Why Have a Social Media Policy?

By | Internet Lawyer, Website Lawyer, Website Legal Documents | No Comments

social media policiesMany small business owners mistakenly believe that a social media policy is only for large companies with many employees. In fact, social media policies are very important for businesses of all sizes.

What is a social media policy?

A social media policy is your business’ way of telling employees and independent contractors in advance what you consider to be acceptable and unacceptable use of social networking sites like Facebook, Google+, Linkedin, Twitter, and others.

This legal document is important because it helps you protect your online reputation. You don’t want those working for you to identify their affiliation with your business at the same time they’re posting content on social networks that could hurt your business.

Let’s face it. It’s expensive and time-consuming to recover your reputation on the Internet after someone associated with your business has done something offensive that gets tied to your company simply because they do work for you. You will pay a bundle to reputation management businesss to clean up an online mess after the fact.

Can a social media policy bulletproof your business from improper use of Facebook and other social networking websites? No. However, your policy can significantly reduce your risk that an employee or freelancer doing work for your company will harm your reputation.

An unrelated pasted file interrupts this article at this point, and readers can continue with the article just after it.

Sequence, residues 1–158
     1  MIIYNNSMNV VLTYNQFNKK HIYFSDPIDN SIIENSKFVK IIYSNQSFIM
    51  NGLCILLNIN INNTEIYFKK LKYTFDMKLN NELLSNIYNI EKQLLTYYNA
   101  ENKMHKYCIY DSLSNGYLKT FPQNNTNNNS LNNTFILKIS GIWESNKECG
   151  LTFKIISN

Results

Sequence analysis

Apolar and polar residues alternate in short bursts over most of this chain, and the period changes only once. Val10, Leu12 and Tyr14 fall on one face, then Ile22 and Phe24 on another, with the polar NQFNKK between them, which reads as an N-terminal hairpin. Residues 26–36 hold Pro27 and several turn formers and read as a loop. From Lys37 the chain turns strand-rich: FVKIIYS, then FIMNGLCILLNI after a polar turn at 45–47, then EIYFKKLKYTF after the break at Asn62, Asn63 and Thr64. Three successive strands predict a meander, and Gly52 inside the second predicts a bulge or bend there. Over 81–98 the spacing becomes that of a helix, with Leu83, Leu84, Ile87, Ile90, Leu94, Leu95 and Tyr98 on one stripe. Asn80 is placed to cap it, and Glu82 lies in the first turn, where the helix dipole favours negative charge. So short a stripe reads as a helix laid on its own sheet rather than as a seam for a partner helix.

What should you put in your social media policy? That’s something for you to discuss with your Internet attorney.

1099 Tax Forms Hell: New IRS Mandate For Your Business

By | Internet Lawyer | No Comments

If the socialized medicine wasn’t enough of a kick in the teeth for entrepreneurs, just wait until you get to file IRS 1099 tax forms all of the time.

Yes, that’s right. Obamacare amended the Internal Revenue Code ( IRC 6041 ) for biz deals absolutely unrelated to health care.

The new law will require getting info from your vendors of goods and services you pay more than 600 bucks in a year and issuing IRS 1099 forms to them plus reporting the payments to the IRS.

This ridiculous expansion appears to cover biz computer purchases, paying freelancers to do web design, and a million other things small business owners pay for online and offline.

Don’t just take my word for it. You can Google the issue. Or, if  you want a great summary of it, check out Chris Edwards’ blog post Costly IRS Mandate Slipped into Health Bill.

Be sure to huddle with your business lawyer and accountant to minimize your tax burden…and vote to throw the bums out of office who passed this piece of garbage into law. Remember that the IRS had nothing to do with this travesty. It got dumped on the agency by Congress and the President.

What’s the Biggest Legal Issue Small Business Owners Face?

By | Internet Lawyer | No Comments

Time for another contest…

Here’s the question: “What’s the Biggest Legal Issue Small Business
Owners Face?”

It can be any legal issue: brick-and-mortar (offline) or Internet